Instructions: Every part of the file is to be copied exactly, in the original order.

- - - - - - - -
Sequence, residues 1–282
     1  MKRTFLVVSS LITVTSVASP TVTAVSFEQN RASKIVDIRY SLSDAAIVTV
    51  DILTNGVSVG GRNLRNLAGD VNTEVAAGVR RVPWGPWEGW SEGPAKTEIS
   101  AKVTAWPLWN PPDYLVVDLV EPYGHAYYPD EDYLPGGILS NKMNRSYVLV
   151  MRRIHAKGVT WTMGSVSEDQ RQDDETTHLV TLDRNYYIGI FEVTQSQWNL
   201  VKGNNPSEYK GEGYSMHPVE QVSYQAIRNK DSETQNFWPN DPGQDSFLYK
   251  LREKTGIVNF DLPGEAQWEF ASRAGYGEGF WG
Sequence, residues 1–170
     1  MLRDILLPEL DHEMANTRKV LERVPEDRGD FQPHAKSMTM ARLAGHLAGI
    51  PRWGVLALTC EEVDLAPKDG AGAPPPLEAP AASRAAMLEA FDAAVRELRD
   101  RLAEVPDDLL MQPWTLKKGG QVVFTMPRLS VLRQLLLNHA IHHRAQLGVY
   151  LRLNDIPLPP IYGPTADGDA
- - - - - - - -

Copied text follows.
Sequence, residues 1–282
     1  MKRTFLVVSS LITVTSVASP TVTAVSFEQN RASKIVDIRY SLSDAAIVTV
    51  DILTNGVSVG GRNLRNLAGD VNTEVAAGVR RVPWGPWEGW SEGPAKTEIS
   101  AKVTAWPLWN PPDYLVVDLV EPYGHAYYPD EDYLPGGILS NKMNRSYVLV
   151  MRRIHAKGVT WTMGSVSEDQ RQDDETTHLV TLDRNYYIGI FEVTQSQWNL
   201  VKGNNPSEYK GEGYSMHPVE QVSYQAIRNK DSETQNFWPN DPGQDSFLYK
   251  LREKTGIVNF DLPGEAQWEF ASRAGYGEGF WG
Sequence, residues 1–170
     1  MLRDILLPEL DHEMANTRKV LERVPEDRGD FQPHAKSMTM ARLAGHLAGI
    51  PRWGVLALTC EEVDLAPKDG AGAPPPLEAP AASRAAMLEA FDAAVRELRD
   101  RLAEVPDDLL MQPWTLKKGG QVVFTMPRLS VLRQLLLNHA IHHRAQLGVY
   151  LRLNDIPLPP IYGPTADGDA